Another change is that the old web browser has been replaced by Google Chrome. If you use Chrome on your PC, it means you can easily sync bookmarks, logins and more. Browsing is zippy enough but gone is support for Flash so you end up with the same issues as the iPad (although you could install a different browser from Google
You also get Gmail, YouTube Google Maps apps pre-loaded.
One thing that hasn't changed is the lack of an option to install apps from other sources, so there's no side-loading of apps from, say, Amazon's App Store.
Nook HD+ review: performance
On paper, the HD+ has decent specifications, so it should be as slick and fluid as the best tablets. It has a 1.5GHz dual-core CPU and - according to Geekbench 2 - 768MB of memory.
In Geekbench 2, the Nook HD+ managed an average of 1332, which is ahead of the Nook HD (1199) but behind the Kindle Fire HD 8.9 (1398).
Our gaming benchmark, GLBench told us the Nook HD+ ran the Egypt HD test at 12fps (an identical result to the Kindle Fire HD 8.9 and 2fps behind the Nook HD). That sounds bad, but not many tablets fare better. All three are fine for casual games.
However, what benchmarks won't tell you is how fast a tablet feels in general use. The Nook HD+ fares worse than the Kindle Fire here as it can be slow to respond at times, whether that's loading an app or merely navigating through menus. Interface animations, such as the carousel of recent apps and content, also stutter from time to time.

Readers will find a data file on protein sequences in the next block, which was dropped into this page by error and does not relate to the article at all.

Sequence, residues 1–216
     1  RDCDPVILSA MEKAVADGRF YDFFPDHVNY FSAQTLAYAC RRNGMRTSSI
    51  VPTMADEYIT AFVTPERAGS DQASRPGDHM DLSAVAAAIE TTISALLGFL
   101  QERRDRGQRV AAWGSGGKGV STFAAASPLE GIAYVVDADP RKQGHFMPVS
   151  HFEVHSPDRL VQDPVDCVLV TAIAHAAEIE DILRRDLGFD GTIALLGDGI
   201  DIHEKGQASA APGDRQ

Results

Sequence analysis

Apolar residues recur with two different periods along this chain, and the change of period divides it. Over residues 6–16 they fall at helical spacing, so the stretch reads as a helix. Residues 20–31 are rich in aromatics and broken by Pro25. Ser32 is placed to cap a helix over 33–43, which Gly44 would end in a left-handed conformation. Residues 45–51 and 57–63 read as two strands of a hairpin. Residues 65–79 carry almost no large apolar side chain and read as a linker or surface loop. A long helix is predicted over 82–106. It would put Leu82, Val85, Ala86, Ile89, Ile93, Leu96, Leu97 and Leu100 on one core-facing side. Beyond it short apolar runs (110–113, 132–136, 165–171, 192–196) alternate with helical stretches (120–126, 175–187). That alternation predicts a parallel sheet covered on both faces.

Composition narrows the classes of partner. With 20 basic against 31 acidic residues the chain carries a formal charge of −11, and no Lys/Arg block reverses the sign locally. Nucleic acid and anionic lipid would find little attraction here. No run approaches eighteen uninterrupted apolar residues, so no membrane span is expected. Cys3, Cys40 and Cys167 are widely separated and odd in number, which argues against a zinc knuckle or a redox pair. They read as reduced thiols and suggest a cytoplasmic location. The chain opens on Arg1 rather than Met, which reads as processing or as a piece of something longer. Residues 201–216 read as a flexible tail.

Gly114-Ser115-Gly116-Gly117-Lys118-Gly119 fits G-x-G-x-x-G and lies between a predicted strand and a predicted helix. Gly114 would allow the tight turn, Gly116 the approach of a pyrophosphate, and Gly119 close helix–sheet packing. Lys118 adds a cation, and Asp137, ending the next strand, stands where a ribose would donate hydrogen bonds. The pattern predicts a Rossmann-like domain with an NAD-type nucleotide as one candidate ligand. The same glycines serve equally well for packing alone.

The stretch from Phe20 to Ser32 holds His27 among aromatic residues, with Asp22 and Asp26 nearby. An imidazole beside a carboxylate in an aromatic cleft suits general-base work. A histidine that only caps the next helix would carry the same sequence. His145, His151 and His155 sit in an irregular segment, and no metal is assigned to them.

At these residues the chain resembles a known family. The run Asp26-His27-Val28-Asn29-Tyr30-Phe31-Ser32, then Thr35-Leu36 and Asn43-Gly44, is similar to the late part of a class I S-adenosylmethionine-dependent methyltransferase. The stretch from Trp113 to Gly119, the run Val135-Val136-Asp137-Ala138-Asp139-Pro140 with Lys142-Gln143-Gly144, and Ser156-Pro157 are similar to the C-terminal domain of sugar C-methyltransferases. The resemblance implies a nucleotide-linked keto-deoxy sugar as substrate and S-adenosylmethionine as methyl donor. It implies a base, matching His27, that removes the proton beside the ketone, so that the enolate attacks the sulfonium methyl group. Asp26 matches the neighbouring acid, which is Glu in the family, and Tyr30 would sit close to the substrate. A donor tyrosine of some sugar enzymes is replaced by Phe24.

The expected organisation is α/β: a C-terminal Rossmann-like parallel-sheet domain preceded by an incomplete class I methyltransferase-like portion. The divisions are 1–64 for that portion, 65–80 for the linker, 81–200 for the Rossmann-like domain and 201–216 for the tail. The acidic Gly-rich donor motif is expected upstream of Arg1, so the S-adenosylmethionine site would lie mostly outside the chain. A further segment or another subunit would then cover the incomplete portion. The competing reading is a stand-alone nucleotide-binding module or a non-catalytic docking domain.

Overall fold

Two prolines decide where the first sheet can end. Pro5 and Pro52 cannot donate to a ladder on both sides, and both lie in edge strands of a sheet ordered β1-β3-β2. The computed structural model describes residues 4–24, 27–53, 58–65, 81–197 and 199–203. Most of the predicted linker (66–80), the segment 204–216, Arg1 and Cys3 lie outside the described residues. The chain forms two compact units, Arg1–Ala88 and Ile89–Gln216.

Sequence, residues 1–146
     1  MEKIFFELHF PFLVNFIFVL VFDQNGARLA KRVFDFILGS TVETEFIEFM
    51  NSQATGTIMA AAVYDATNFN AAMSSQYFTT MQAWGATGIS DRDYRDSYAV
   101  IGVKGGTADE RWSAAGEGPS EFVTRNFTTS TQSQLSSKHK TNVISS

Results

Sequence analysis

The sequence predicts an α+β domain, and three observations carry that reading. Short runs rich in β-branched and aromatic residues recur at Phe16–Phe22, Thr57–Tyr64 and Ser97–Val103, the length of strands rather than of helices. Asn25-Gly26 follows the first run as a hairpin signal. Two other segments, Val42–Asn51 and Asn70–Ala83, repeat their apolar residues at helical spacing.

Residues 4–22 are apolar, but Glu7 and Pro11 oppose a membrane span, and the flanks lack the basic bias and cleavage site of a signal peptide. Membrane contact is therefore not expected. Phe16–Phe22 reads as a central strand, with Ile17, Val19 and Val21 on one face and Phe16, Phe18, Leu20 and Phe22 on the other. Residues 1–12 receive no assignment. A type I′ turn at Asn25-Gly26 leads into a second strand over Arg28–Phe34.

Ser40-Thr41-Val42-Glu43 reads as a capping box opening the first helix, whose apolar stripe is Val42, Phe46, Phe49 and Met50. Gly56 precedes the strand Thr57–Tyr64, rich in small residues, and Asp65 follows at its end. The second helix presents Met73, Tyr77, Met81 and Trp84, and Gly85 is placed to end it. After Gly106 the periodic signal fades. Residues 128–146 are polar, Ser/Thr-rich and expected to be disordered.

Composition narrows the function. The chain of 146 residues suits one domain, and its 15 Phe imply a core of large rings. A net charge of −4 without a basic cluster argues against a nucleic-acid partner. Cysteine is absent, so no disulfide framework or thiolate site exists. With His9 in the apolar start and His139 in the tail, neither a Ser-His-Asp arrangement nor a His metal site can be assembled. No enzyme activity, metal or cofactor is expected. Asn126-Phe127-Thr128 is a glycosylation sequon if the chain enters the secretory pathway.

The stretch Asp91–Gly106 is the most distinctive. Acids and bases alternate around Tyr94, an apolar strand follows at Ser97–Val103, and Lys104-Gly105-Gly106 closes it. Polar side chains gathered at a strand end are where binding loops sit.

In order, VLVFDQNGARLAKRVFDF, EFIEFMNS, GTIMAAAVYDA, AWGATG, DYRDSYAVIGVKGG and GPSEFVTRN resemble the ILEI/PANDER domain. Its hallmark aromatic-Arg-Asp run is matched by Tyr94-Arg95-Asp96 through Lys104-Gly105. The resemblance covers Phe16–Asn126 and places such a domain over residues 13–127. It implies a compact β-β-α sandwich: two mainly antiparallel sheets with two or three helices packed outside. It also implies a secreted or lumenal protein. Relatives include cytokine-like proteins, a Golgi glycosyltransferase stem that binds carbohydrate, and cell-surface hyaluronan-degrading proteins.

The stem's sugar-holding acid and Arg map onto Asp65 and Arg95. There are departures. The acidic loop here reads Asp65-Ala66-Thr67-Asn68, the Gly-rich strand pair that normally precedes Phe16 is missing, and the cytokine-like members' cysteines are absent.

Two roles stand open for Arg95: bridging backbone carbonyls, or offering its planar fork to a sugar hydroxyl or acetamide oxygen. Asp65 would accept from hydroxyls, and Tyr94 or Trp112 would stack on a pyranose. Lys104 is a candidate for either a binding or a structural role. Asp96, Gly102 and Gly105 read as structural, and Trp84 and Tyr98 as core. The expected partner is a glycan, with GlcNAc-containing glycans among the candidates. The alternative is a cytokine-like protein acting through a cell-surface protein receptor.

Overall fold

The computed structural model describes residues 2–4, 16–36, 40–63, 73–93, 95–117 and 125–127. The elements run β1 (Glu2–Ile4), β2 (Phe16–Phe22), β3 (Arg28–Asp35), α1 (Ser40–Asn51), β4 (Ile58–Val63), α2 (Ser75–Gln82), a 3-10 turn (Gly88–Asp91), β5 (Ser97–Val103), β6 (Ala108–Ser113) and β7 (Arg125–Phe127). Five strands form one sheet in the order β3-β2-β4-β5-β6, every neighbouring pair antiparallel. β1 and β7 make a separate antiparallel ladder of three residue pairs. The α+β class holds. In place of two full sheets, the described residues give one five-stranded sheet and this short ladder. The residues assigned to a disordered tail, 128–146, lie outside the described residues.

Nook HD+ review: battery life
B&N claims the Nook HD+ will last 10 hours if you're reading a book, or nine hours if you're watching videos. We ran a film on loop, at full brightness and with Wi-Fi turned on, and it lasted for six and a quarter hours. However, turning brightness down to 50 percent (a more sensible level) increased this to over nine hours - a good result.
Charging takes 4-5 hours, and that's with the included mains charger. The Nook HD+ won't charge from a USB port, and it wouldn't charge from other USB chargers we tried, either.
Nook HD+ review: verdict
Chances are, you're weighing up whether to buy the Nook HD+, Kindle Fire HD 8.9 or possibly an iPad mini.
The iPad mini is perhaps the easiest to dismiss. It's more expensive, has a much lower resolution screen and a new version is surely on the cards in the not too distant future.
The Kindle Fire HD 8.9 starts at £229, but you can't add storage and you have to pay extra if you want a mains charger and don't want lock-screen adverts. You're also locked into Amazon's walled garden, with no access to Google Play.
That leaves the Nook HD+ in pretty good shape especially since - at the time of review - the 16GB model cost a trifling £179, and doubling internal storage to 32GB would give you change from £200.
The lack of cameras will be a turn off for some (you won't be making video calls with Skype, for example) but despite this and the stuttery interface, the HD+ is easy to recommend. Buy one now before the price goes up.